The Greater Cincinnati Gay, Lesbian, Bi-sexual, Transgendered and Questioning Youth Summit has a serious purpose, but that's not to say it won't also be fun.
The free conference, which meets from 8:30 a.m-10 p.m. Saturday at Northern Kentucky University, provides an opportunity to learn about GLBT issues in a supportive environment. The program features workshops and a keynote speaker but also food and a dance.
The Gay, Lesbian and Straight Education Network (GLSEN), a non-profit organization that works to eliminate anti-gay bias in kindergarten through 12th grade, produced the first GLBTQ Summit earlier this year (see The Kids Feel Alright, issue of March 14-20). This weekend's workshops include health and wellness, political lobbying, religion and homosexuality, creative writing and the history of the gay and lesbian movement.
The keynote speaker is Alix Olson, a nationally renowned spoken-word artist who has appeared in Curve, Girlfriends and Ms. Magazine.
Registration is open and free of charge, and is not confined to minors. Parents, college students, those who work with children and straight allies of all ages are welcome.
Representatives and sponsors from organizations such as Parents, Families and Friends of Lesbians and Gays (PFLAG), the University of Cincinnati Women's Center, Brighton Center, Lighthouse Youth Services and Children's Hospital Medical Center have been preparing for this summit since the last one finished. Perhaps the best credit to their organizing is the fact that young people have had a significant role in planning and facilitating.
Caitlin Arnest, a junior at Walnut Hills High School and a member of PFLAG, is chair of the workshop committee. Her responsibilities include finding and acquiring information on presenters, booking the location, writing workshop descriptions, making sure all presenters' logistical and material needs are met and putting up flyers.
One of the main audiences Arnest hopes to reach are youth with questions about sexuality.
"I've spoken to a lot of people at school who are just discovering their sexuality, and I'm recommending the summit," she says. "It will definitely raise awareness."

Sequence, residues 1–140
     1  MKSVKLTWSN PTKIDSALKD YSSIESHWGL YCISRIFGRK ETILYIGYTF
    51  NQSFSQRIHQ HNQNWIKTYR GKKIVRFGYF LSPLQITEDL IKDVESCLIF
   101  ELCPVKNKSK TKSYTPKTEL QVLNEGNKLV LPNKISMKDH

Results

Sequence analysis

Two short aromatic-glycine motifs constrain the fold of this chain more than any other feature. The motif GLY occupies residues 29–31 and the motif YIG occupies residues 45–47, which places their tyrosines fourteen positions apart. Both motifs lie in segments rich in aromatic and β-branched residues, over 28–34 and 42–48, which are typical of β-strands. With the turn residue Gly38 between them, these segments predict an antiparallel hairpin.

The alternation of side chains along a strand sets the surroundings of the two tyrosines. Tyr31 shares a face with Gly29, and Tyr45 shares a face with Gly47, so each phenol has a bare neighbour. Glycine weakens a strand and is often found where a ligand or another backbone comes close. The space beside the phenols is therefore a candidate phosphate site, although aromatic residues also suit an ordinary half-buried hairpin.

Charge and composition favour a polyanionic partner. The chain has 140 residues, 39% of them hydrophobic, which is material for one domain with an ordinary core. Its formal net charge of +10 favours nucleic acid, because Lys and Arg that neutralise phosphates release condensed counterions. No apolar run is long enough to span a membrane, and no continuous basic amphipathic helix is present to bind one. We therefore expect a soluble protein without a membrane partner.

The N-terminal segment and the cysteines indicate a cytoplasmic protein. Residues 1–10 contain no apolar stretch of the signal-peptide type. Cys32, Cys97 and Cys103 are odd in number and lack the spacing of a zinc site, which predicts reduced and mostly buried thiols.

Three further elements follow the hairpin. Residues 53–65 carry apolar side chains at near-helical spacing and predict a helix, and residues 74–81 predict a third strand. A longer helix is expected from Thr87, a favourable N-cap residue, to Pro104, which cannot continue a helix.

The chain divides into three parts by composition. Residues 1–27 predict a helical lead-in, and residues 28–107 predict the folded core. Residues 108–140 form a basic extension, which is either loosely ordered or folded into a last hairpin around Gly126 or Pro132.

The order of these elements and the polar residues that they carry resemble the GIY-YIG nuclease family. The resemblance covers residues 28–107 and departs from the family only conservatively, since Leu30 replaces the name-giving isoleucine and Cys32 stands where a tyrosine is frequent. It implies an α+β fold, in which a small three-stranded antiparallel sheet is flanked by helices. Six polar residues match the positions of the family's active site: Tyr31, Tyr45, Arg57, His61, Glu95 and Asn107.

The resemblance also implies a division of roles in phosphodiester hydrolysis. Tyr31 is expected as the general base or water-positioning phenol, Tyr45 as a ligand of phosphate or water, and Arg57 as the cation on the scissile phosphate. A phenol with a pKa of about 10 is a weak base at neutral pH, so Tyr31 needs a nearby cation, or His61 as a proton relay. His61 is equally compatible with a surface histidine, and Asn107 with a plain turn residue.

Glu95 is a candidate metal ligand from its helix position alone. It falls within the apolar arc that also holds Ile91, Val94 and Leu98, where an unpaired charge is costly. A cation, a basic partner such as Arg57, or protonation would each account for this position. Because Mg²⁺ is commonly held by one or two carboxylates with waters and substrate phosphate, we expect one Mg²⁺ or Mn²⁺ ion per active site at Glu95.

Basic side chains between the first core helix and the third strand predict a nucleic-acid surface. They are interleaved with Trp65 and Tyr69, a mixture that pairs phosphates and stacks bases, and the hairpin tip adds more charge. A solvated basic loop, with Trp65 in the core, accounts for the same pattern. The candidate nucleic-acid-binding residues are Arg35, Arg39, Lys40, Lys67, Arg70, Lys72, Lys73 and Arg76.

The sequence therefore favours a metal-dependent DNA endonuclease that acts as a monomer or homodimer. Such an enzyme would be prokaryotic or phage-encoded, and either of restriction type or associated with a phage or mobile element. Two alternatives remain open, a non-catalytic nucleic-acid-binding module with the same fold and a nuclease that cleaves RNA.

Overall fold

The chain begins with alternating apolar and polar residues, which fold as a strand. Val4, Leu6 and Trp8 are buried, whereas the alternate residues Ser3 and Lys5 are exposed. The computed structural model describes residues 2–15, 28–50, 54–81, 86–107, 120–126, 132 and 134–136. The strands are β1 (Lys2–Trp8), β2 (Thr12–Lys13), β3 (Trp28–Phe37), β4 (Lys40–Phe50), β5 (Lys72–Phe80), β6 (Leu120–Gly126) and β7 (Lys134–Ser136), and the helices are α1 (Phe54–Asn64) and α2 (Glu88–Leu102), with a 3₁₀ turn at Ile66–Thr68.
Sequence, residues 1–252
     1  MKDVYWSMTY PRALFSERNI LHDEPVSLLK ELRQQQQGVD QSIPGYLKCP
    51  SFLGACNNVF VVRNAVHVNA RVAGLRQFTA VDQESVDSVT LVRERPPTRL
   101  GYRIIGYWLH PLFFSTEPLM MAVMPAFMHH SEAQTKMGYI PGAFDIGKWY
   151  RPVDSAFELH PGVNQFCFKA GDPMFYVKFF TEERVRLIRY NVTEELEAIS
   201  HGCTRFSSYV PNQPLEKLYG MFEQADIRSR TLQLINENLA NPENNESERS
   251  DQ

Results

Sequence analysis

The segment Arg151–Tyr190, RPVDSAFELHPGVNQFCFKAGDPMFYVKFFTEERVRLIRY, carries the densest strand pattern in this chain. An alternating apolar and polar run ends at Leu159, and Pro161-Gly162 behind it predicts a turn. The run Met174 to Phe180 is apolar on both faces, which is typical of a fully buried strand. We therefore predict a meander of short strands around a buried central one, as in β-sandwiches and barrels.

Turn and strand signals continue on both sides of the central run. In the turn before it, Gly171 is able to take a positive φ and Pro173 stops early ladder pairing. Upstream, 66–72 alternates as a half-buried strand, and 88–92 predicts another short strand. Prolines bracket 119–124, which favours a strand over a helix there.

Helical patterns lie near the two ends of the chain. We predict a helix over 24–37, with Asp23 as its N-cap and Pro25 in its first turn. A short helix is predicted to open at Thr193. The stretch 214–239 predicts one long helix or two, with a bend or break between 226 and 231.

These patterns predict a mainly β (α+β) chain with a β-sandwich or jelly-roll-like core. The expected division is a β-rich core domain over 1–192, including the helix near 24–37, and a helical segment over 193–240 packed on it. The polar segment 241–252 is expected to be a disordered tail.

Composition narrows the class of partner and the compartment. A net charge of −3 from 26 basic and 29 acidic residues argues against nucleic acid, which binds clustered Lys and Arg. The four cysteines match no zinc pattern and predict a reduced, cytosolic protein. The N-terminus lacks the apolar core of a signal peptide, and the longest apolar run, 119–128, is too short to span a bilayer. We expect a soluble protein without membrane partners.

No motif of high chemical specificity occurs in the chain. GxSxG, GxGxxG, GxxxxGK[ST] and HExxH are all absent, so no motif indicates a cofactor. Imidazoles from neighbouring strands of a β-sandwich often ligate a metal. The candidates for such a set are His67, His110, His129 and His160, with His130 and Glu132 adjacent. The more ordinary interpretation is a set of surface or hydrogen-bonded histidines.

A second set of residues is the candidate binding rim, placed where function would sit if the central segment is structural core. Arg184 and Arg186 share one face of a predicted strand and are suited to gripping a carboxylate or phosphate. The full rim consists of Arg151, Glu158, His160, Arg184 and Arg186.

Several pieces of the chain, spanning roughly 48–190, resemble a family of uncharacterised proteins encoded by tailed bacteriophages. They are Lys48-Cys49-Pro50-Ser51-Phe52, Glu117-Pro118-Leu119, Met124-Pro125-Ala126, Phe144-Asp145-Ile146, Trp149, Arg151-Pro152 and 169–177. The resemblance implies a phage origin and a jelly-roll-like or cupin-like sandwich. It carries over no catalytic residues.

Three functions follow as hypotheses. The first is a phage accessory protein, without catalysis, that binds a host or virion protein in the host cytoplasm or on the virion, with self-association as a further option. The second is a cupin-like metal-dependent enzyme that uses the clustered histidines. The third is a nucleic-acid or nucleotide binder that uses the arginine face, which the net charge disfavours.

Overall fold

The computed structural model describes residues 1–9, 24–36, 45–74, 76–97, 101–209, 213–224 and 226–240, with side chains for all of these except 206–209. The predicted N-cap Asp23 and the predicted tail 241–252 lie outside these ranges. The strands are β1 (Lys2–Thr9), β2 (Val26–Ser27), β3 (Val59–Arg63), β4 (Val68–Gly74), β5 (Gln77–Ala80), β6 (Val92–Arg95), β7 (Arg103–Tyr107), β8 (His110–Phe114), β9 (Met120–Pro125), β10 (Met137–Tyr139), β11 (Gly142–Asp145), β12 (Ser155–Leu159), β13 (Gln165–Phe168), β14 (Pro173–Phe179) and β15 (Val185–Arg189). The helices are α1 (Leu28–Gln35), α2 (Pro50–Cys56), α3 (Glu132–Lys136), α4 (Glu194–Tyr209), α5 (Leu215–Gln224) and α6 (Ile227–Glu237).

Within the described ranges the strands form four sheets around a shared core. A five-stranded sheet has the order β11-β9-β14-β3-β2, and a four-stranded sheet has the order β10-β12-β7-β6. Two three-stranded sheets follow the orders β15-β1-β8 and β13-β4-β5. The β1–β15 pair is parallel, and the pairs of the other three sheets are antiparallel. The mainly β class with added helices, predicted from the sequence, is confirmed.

The educational aspect of the summit makes it useful for everyone, according to Arnest.
"We added a creative writing workshop and a self-defense class," she says. "We're branching out from the GLBT issue because it is a youth summit and (sexuality) is not only what life is about. I think the summit is a good opportunity for the entire community to come together -- not just the gay community, but everyone. Education is for everyone."
Nikki Kowell, 18, will present at a workshop about relationships between youth and adults. She started a school group in Oak Hills High School (where she recently graduated) called Teens for Tolerance and is now the youngest member of GLSEN.
The summit is a comfortable environment for people to meet others in the GLBT community and to become familiar with various organizations available to them, Kowell says.
Kowell speaks from experience when she describes how difficult it can be for youth to cope, let alone come out, when there is not much support at home or school. At one point, when things became difficult at home, she left to stay in a shelter for two weeks. She feels that simply having the opportunity to talk about one's feelings with understanding peers or adults can save unnecessary heartache.
"A lot of kids don't realize there are a lot of supportive people in Cincinnati," she says. "Networking plays a large role in communication. I didn't even know what GLSEN was two years ago. I didn't know it was in Cincinnati."
The opportunity for networking is a vital part of the summit, according to Kowell.
"It is really important for kids ages 13-16 just to know there are other people out there like them," she says. "It makes a world of difference. It would have been helpful (for me) to have had some one who had been through the experience. It would have been nice to have someone there, and we're trying to create that for the people coming to the summit."
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